Import Barrier: Japanese 3DS are still region-locked, and Soul Hackers is a text-heavy game besides.

Chances of a Domestic Release: There's a fair chance that Atlus will release it over here. They're already choked with Shin Megami Tensei games, though, and the dated core of Soul Hackers puts it well behind its more recent relatives.

Developer: Armor Project
Publisher: Square Enix
Platform: Nintendo Wii

Ah, there was quite the commotion when Dragon Quest X was announced. Dragon Quest IX had prepared us for the presence of online RPGs in Japan's most popular RPG series, but some people were unprepared for the news that Dragon Quest X would be an online RPG on the Wii. Yes, the Wii, which still has the lowest online presence of the three major consoles. But Dragon Quest X had no problem selling 400,000 copies in its launch week, even boosting Wii system sales in the process. And most players had no problem with the game's paid subscriptions, either, though Square Enix set aside a two-hour block of each day wherein players can enjoy the game for free. It's called “Kids' Time,” but there's nothing to stop adults from jumping in. Well, aside from the Kids' Time chunks being in the after-school hours of 4 to 6 p.m. on weekdays and 1 to 3 p.m. on weekends.

Dragon Quest X's five titular races fill the usual roles of dwarves, elves, and ogres, plus the catlike Pukuripo and the fin-eared Weddies. Players start the game as a simple human, however, and they'll change to another breed once they enter the game's full multiplayer storyline (hence the “awakening” of the five races). These are Dragon Quest races, too, so they're all designed with Akira Toriyama's usual cartoonish appeal, and the base classes available to them include the warrior, the mage, the monk, the thief, the martial-arts expert, and the minstrel. The skills from these rudimentary jobs can be combined to make new professions, however. This allows all sorts of specializations when players form four-character parties and take part in real-time battles and exploration. The group has to choose a leader to direct the game's story, though, and that'll make for some delightful debate among the party.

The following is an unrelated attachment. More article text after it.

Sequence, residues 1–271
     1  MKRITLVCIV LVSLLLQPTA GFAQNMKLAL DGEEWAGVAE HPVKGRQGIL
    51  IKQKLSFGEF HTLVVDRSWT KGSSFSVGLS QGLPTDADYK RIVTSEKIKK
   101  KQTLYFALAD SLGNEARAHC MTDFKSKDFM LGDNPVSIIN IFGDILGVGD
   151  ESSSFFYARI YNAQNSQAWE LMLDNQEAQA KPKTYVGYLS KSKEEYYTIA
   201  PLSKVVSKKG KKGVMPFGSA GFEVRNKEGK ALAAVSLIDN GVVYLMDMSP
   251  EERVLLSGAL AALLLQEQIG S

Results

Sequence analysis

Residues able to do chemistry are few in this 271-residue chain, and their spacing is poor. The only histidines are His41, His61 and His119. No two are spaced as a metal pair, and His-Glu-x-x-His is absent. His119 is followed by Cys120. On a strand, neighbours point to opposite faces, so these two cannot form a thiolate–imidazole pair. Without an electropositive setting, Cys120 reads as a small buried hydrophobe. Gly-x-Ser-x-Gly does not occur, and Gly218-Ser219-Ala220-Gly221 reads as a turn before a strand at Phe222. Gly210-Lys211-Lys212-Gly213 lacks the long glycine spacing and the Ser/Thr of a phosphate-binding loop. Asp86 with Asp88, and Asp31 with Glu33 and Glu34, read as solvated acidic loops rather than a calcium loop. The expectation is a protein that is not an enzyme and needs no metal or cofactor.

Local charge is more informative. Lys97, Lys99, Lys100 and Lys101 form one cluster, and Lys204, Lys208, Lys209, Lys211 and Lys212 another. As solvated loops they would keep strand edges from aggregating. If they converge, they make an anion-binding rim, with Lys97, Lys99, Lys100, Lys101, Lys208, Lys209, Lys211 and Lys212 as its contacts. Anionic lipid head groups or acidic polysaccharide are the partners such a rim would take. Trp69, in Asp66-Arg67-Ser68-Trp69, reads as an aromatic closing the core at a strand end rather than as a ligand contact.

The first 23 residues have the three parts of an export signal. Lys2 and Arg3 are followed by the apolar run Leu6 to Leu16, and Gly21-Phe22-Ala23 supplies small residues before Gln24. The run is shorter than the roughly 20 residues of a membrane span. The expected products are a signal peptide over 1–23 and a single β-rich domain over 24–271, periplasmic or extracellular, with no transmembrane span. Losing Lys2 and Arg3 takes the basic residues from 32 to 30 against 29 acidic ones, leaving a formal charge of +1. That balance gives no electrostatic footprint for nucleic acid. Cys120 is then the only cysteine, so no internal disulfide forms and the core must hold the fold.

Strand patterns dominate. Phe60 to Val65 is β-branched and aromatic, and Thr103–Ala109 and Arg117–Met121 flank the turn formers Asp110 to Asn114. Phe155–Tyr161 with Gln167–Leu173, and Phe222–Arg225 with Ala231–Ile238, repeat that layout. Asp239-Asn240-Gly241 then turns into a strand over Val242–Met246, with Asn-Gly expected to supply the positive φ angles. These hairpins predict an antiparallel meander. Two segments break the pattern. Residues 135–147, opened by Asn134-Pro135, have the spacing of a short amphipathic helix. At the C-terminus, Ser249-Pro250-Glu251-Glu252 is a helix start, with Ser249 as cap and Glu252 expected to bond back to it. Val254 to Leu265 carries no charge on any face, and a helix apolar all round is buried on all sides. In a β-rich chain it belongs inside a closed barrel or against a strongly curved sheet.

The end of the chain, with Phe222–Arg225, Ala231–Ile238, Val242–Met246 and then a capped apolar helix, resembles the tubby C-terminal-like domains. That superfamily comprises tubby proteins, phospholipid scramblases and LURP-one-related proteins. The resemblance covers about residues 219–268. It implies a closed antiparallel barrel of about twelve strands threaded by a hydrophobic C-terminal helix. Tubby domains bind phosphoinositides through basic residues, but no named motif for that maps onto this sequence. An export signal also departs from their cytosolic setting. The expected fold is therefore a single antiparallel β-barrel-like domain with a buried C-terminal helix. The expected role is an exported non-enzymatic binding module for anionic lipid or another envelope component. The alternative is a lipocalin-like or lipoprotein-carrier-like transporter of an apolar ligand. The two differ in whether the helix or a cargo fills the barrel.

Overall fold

Import Barrier: Considering that Dragon Quest X's online infrastructure doesn't yet exist in North America, you won't get far by playing this here.

Chances of a Domestic Release: It's a toss-up for the Wii version of the game, as Nintendo's remained silent about bringing it to America. Yet there's a Wii U edition in the future, and it seems much more likely to come here.


Developer: Matrix Software
Publisher: Square Enix
Platform: iOS Platforms (worldwide)
MSRP: $28.99 (or $2.99-$3.99 per episode)

Next week is devoid of notable releases, but there's a groundbreaking game headed our way this Friday. Why is Final Fantasy Dimensions groundbreaking? Well, it's the first time Square's had the temerity to charge almost thirty bucks for an iPhone title. That aside, Dimensions is also notable as a game deliberately aimed at the more nostalgic of Final Fantasy nerds, the ones who pine for the franchise's 16-bit days. Like most of the games prior to Final Fantasy VI, crystals are the driving force behind the story here, and they draw together two disparate groups: the Warriors of Light and the Warriors of Darkness. The Light half is led by a kid named Sol and the Dark contingent gets a leader named Nacht, but the characters aren't so Manichean; for example, the Dark group includes two of Sol's childhood friends. Along with these eight leads, there's a lineup of rotating allies to fill slots in the five-character party. They include a dragoon, a bard, an android, a dancer, a one-armed ninja, a dwarf, and a drunkard. Old-school RPGs always needed more alcoholism.

Dimensions uses the same basic, polished-looking sprite art seen in Square's Final Fantasy IV: The After Years, and it adopts a “Job” system reminiscent of Final Fantasy III and V. It covers all the usual suspects in Final Fantasy professions: warriors, monks, thieves, summoners, and three different colors of mage. However, some jobs are exclusive to one side of the dualistic cast. Only warriors of Light can become dragoons, memorists, bards, knights, or elite cat-eared white mages called “devouts,” and only Dark warriors can be rangers, dancers, ninja, dark knights, or high-level black magi. It's a return to the old-school Final Fantasy style that some praise almost a bit too readily, and let's be honest: the price isn't that bad compared to what you'd spend on a new Final Fantasy back in 1993.

discuss this in the forum (29 posts) |
bookmark/share with:

The X Button homepage / archives